Sooran Choi received her Ph.D. in art history from The Graduate Center, The City University of New York in 2018 with an emphasis on contemporary East Asian art (Korean art, with a secondary interest in Japanese and Chinese art). Her art historical studies include Korean studies, non-Western art/visual cultures, global art history/cultural studies/media studies, post-war transnational networks in art/visual cultures, activist art, and post-colonial theories.
Choi is currently working on a book manuscript that examines post-WW II global artistic exchanges among interdisciplinary art groups in East Asia, the United States, and Europe, with case studies of South Korean renditions of various avant-garde art forms and discourses. It was awarded the 2018 College Art Association (CAA) Professional Development Fellowship in Art History. As additional work in process, she is researching transnational exchanges between ecological and land art practices, which includes the South Korean Nature Art movements from the 1980s and their connections to the Japanese and German ecological art movements--a topic that resonates with today’s climate changes and the ecological damages in our global environment.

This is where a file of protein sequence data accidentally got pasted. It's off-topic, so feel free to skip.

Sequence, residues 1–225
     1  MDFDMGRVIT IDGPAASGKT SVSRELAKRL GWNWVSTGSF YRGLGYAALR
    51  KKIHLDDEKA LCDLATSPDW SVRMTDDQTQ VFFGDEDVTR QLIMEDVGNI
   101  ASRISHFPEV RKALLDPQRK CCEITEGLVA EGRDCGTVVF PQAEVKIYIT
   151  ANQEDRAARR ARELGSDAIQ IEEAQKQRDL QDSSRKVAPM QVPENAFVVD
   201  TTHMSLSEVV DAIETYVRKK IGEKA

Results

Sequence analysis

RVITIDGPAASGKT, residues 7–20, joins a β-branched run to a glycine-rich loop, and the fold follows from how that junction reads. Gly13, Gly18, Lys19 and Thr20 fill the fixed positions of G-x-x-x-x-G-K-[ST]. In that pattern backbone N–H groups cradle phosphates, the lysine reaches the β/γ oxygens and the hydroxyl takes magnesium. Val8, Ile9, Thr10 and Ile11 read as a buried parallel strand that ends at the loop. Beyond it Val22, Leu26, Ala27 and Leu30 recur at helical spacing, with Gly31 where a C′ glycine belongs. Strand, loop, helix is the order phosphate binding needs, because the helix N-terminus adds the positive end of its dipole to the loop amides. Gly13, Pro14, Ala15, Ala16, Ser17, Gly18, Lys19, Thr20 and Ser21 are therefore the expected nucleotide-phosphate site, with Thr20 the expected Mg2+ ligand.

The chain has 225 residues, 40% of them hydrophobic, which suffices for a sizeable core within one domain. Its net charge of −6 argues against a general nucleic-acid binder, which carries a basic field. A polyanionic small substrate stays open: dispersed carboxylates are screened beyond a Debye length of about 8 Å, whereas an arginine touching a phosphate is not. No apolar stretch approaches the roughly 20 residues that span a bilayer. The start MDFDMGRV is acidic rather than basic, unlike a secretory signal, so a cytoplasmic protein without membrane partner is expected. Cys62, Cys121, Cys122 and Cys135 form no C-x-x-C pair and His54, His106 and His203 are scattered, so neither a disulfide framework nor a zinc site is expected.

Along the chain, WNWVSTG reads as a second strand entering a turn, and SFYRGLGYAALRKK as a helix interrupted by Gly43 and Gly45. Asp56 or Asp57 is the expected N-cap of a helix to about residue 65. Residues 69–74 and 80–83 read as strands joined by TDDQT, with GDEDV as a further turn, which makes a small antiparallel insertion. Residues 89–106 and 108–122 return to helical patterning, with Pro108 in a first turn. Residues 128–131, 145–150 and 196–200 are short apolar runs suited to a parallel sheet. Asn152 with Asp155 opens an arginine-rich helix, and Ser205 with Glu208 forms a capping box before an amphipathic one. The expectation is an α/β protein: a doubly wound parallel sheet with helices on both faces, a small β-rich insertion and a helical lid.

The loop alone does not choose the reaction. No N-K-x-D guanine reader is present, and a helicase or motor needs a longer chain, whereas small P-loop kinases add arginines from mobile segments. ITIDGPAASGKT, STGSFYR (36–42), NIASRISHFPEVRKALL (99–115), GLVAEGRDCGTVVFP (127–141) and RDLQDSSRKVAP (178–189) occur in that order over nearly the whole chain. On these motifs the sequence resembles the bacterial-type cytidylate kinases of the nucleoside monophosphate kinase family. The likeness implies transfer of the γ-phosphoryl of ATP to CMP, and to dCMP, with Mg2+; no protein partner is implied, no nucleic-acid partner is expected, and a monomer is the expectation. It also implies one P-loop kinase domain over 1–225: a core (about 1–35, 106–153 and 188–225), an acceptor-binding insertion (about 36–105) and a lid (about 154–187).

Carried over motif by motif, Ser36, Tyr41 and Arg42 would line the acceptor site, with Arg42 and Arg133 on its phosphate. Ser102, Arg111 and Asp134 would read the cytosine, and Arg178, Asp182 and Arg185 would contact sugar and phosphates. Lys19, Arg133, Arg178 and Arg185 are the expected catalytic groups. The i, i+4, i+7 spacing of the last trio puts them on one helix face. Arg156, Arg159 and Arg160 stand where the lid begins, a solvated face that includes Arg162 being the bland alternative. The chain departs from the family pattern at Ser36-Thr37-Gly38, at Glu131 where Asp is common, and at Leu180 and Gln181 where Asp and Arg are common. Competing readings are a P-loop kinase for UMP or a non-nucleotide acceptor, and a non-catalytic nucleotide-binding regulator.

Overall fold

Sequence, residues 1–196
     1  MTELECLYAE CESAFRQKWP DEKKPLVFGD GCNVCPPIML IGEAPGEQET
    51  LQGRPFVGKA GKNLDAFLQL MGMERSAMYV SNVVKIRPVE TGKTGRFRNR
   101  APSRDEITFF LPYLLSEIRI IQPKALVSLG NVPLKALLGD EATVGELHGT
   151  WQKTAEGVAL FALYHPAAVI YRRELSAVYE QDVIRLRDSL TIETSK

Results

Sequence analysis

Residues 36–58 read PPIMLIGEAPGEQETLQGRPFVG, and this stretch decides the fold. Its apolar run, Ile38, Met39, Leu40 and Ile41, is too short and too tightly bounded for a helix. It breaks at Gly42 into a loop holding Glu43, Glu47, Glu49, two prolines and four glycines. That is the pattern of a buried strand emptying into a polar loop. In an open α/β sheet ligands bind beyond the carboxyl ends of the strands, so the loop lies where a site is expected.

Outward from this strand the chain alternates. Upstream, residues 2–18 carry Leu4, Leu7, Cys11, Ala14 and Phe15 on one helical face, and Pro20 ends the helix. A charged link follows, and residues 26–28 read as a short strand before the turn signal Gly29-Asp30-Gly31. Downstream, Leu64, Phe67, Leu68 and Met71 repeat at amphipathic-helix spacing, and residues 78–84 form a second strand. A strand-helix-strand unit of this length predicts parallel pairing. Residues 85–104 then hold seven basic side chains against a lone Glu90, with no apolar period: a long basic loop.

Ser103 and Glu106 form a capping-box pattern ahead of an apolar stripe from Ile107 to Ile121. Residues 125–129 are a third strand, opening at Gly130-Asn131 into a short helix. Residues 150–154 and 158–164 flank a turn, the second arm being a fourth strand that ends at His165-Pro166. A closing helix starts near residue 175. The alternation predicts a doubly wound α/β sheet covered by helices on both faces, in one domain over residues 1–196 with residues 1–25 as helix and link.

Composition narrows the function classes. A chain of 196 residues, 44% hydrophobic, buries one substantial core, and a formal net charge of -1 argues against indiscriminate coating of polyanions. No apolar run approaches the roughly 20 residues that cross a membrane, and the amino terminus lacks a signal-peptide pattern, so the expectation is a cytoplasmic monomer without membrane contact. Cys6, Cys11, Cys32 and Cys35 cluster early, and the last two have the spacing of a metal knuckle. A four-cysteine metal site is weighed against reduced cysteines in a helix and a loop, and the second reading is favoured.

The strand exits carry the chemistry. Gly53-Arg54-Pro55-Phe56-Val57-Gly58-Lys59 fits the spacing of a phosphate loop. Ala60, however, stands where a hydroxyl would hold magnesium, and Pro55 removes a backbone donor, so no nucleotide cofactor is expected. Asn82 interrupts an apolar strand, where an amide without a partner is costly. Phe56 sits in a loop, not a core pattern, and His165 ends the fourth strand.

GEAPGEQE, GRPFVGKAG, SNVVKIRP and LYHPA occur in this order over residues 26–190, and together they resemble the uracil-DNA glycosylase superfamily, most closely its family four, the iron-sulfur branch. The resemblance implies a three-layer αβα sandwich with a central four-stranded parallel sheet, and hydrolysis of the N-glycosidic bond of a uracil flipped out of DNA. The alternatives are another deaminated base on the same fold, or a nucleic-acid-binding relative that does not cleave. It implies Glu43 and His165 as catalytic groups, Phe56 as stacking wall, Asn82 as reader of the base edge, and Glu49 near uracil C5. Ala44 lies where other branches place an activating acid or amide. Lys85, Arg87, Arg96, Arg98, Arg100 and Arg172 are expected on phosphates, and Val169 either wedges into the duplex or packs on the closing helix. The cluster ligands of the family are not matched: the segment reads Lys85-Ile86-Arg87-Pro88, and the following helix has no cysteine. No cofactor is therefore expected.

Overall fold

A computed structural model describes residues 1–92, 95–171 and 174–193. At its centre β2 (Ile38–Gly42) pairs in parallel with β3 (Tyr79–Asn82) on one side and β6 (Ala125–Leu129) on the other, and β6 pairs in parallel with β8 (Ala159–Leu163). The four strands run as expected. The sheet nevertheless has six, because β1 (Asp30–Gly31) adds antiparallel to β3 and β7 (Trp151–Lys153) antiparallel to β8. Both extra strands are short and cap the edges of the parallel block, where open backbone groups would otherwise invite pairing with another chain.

Choi’s interest in comparative studies of diverse art historical trajectories across various cultures has crossed over into her teaching as an adjunct assistant professor at various campuses of the City University of New York, the Fashion Institute of Technology (SUNY) as well as, the Museum of Modern Art, where she has taught art history and cultural studies classes that spanned from Western Europe via the Islamic world and India to East Asia. Her past scholarly writing has included a wide and eclectic range of topics in Asian art and Korean studies, such as East Asian artists in diaspora, alternative art spaces in South Korea, Gwangju Biennials, the Korean War Memorial in Battery Park (NYC), Japanese students at the Bauhaus, and the eroticism of Japanese Shunga art.